Anything goes

PUBLISHED : Wednesday, 21 May, 2008, 12:00am
UPDATED : Wednesday, 21 May, 2008, 12:00am

Former Tai Chi keyboardist Gary Tong believes all music has its place in the world

After almost three decades in the music industry, veteran music arranger and composer Gary Tong says it's friendships and his passion for all genres of music that keep him going.

The former Tai Chi keyboardist has collaborated with the some of the city's biggest Canto-pop stars, from Faye Wong and the late Leslie Cheung to Eason Chan and Joey Yung. He says his days with Tai Chi - a seven-piece band which was huge in the 1980s and 90s and featured renowned guitarist Joey Tang - gave him many great memories.

'We were just very happy playing together as a band. The band was sustained by friendship. Back then, we didn't have any long-term goals, and we just expressed what we wanted to say [in our music].

'Even now we'll occasionally play music together. It's great to have a group of friends who you know could be your band mates for life.'

Tong became interested in music thanks to his parents, who are big fans of western pop music and opera.

He started playing in various bands during his last few years at secondary school after his cousin introduced him to various genres of music, from the progressive/art rock of Genesis and the glam rock of Queen to the pop rock of The Eagles.

'It was then I became interested in music arrangement,' says Tong, who worked in Tom Lee Music as a sales agent after Form Five. There he met Tommy Ho, a jazz guitarist who appreciated Tong's talents and invited him to help out at a recording session for the pop song Childhood, performed by Danny Summer.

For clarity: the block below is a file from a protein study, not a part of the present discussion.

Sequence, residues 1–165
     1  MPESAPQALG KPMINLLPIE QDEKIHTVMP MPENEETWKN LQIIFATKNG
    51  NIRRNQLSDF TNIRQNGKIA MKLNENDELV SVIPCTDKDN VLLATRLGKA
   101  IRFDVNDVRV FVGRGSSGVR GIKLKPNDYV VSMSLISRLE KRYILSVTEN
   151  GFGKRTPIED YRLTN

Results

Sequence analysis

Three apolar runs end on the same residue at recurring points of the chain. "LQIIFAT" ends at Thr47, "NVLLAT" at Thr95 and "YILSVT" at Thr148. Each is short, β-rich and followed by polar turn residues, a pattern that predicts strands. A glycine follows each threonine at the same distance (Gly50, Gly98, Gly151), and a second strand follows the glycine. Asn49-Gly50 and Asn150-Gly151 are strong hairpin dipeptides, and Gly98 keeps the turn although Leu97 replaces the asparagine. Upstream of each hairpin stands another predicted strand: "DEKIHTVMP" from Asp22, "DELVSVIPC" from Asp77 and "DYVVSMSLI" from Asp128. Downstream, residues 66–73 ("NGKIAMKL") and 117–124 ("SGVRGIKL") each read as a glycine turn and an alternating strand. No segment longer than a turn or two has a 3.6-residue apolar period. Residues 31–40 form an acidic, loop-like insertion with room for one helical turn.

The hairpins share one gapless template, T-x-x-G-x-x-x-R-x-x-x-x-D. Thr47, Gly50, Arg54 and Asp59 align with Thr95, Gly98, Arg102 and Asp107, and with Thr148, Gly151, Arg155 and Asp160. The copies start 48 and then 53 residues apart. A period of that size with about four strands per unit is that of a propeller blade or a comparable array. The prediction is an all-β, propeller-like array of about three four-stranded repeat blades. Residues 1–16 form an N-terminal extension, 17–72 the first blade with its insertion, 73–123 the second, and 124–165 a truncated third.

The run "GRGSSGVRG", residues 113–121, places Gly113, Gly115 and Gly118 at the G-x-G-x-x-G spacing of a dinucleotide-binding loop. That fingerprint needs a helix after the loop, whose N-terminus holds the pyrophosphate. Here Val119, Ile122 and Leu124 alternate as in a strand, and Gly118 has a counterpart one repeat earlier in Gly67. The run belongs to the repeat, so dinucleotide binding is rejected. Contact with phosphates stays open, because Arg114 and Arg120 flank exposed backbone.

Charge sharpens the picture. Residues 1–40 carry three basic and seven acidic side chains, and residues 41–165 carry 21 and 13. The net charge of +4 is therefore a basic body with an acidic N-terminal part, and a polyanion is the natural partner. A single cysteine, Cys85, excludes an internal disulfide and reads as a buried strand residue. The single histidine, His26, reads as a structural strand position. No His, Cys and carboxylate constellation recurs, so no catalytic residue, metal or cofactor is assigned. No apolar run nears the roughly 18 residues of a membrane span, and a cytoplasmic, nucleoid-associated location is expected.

This led to an unexpected opportunity: the chance to arrange a song, Never Give Up, for Summer. The song turned out to be one of Summer's biggest hits and is now a Canto-pop classic.

'Arranging a piece of music is like cooking. You put different elements together and the results are limitless,' says Tong.

He continued to produce and arrange songs while he was with Tai Chi and after the band stopped performing.

Although he is a serious musician, he says he has no qualms arranging 'K-songs' - the sugar-coated numbers that appeal to the masses but are ridiculed by critics for their saccharine melodies and lyrics.

'My attitude towards music is that there's no such thing as bad music,' Tong says.

'I like all kinds of music. I listened to folk rock in school and when I was about to graduate I fell in love with progressive or art rock.

'Later I was crazy about electronic music, like the stuff by Gary Numan and [Japanese electropop band] YMO. Then I fell for fusion music when I worked in Tom Lee. All music sounds wonderful and is unique in its arrangements.'

Tong has arranged hundreds of songs throughout his career, yet he says his fiery passion for music remains undiminished.

'I think I have realised only half of my goals in music,' he says.

He adds that he has always dreamed of becoming Hong Kong's Richard Branson [the British entrepreneur who founded recording label Virgin Records], unearthing talented artists who strike a balance between mainstream pop and alternative music.

Tong is also keen on developing more personal projects. 'I have been arranging pop songs for over two decades, and I'd like to work on projects that are closer to my heart, such as alternative or instrumental music. I want to stop for a while and rethink [my future],' he says.

'But on other hand, I couldn't tear myself away from arranging [pop] music because it's so much fun.'